Actors who do horror are among the most underrated. No matter how many different roles they do, no matter how many genres and how much diverse material they cover, they will always be known for their work as one particular monster. Even if they did more than one monster, there’s the one that people will always remember. Brad Dourif won a Golden Globe and was nominated for an Academy Award for his very first feature film, One Flew Over the Cuckoo’s Nest. Yet he will always be best known for voicing the most famous doll in the horror world, Chucky. With all the roles he’s done, he’s not even most known for something he did physically.
As great as the Child’s Play films are and as important as he is to them, it’s amazing that this man is best known for a voiceover role, yet is someone who designed his own invented sign language for David Lynch’s Dune. He puts everything into a part. He never treats a role like it’s just a job, even if it is. Dourif has done a wealth of work in numerous genres. But even if we’re just distilling his career to look at his genre performances, the actor has shown amazing diversity and intense portrayals across the board. Below are some of the most noteworthy.
Dourif’s performance in Graveyard Shift is, in a word, insane. He’s jittery, bug-eyed and all over the place in terms of intensity and physicality. He stands out more than anything else in that movie, probably because he really feels like the only one who’s doing much acting. Graveyard Shift is not a great film, not really a standout Stephen King adaptation, but it’s campy and fun in its own way. And Dourif really elevates it, and his scenes at least make it worth a watch.
Alien: Resurrection is the most maligned of its franchise other than the failed Alien vs. Predator movies. And while it ultimately doesn’t work as well as it should on a few fundamental levels, there are some terrific actors in it. It really is well cast. Dourif portrays a very typical, sort of extreme mad scientist. He’s acting almost like he’s in an old German expressionist film, which Alien has its roots in, in a lot of ways. It’s a colder, quieter performance from him, but is nonetheless one of the best things about a fairly muddled feature.
In this early X-Files episode, the thirteenth of the first season, Dourif portrays Luther Lee Boggs, a serial killer on death row who claims to have psychic powers. The episode is one of the most acclaimed with many people involved including actress Gillian Anderson and creator Chris Carter citing it as a favorite. They fought hard to get Dourif for the role, having written it with him in mind. While he initially turned it down, he later agreed to do it, providing a chilling performance in what became one of the best episodes of the show.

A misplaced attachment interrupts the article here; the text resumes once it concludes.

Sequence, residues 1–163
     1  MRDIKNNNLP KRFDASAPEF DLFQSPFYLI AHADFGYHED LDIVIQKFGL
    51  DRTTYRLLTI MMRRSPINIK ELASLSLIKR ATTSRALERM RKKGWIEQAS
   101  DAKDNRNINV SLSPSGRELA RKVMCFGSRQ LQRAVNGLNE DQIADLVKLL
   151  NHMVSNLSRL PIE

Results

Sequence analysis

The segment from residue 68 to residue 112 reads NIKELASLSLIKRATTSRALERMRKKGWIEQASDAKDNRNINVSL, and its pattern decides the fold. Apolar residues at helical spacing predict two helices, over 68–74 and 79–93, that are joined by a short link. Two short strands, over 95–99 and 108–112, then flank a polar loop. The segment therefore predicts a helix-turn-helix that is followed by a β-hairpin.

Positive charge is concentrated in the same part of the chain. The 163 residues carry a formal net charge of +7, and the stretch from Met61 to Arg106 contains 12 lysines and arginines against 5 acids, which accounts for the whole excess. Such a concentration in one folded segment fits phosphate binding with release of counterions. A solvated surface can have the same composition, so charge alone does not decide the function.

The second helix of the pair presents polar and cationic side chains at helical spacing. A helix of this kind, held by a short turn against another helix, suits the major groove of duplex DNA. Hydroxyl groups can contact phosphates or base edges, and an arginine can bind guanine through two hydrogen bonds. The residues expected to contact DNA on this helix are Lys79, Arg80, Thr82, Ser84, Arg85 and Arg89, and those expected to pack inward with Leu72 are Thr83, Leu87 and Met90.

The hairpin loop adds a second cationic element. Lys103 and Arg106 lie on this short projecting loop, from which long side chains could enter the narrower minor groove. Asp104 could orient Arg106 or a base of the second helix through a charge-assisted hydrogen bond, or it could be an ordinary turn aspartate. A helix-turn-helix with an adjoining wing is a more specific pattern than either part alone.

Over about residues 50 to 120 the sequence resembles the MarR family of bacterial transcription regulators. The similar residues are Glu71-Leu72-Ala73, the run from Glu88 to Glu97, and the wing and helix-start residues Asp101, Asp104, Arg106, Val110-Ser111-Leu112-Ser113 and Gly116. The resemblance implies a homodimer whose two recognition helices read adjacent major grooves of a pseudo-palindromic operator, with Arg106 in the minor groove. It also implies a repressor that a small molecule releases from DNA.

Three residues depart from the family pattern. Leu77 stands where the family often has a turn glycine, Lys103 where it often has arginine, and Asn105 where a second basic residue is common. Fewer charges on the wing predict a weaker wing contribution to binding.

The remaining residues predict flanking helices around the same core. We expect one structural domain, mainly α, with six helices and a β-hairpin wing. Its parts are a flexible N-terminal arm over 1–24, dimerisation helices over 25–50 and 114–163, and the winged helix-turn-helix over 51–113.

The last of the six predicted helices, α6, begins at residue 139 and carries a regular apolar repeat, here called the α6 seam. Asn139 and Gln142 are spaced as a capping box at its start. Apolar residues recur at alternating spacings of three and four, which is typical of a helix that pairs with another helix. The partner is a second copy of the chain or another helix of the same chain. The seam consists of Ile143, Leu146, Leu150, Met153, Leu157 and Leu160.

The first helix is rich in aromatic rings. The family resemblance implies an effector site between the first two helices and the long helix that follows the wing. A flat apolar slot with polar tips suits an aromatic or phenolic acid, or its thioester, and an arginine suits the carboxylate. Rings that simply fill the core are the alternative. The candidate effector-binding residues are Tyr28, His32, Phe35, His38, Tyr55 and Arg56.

Dourif only appears in this movie in flashbacks, but his role is a prominent one and is definitely important for understanding crucial character motivations. Trauma is Dario Argento’s first full-length English-language film after previously coming to the states to shoot a segment for his George Romero collaboration Two Evil Eyes. It’s one of the director’s most underrated films, to be sure, worth checking out for those who have not yet seen it. Brad Dourif’s brief performance still manages to provide the feature with its most shocking moment. Which is saying a lot of an Argento production.
Directed by Eric Red, who penned the screenplays for Near Dark and The Hitcher, Body Parts is a weird, interesting movie about people receiving organ transplants from serial killers and the expected results. Dourif, who won the Fangoria Chainsaw Award for his performance, plays a painter who got a new arm from a killer and is painting what the killer saw. It’s an intense and underrated film, an interesting role for Dourif.
My Son, My Son What Have Ye Done?
This film, directed by Werner Herzog and produced by David Lynch, is terrific. Dourif’s role is not huge, but like every actor that appears in this, his performance is absolutely necessary to the bigger picture. This one was based on a true story as well, taking its inspiration from a real-life murderer Mark Yavorsky. It’s very much a Herzog movie, although the fingerprints of David Lynch are all over it as well. With that much talent involved in front of and behind the camera, it would be a challenge to screw it up. And they don’t. This is a very impressive, absurd yet gritty indie feature.
If there’s any other movie Dourif should have received an Oscar nod for, it’s Exorcist III. I’m not kidding. It’s a brief role, but a powerhouse performance. Especially when you consider that Dourif was brought in to do it pretty much at the last minute, had to learn his lines virtually on the spot, then was told that his part was cut because they managed to bring Jason Miller back to do it. When Miller turned out to not work, due to numerous problems, they had to bring Dourif back to go through it all again. Still, even after all of that, he knocked it out of the park.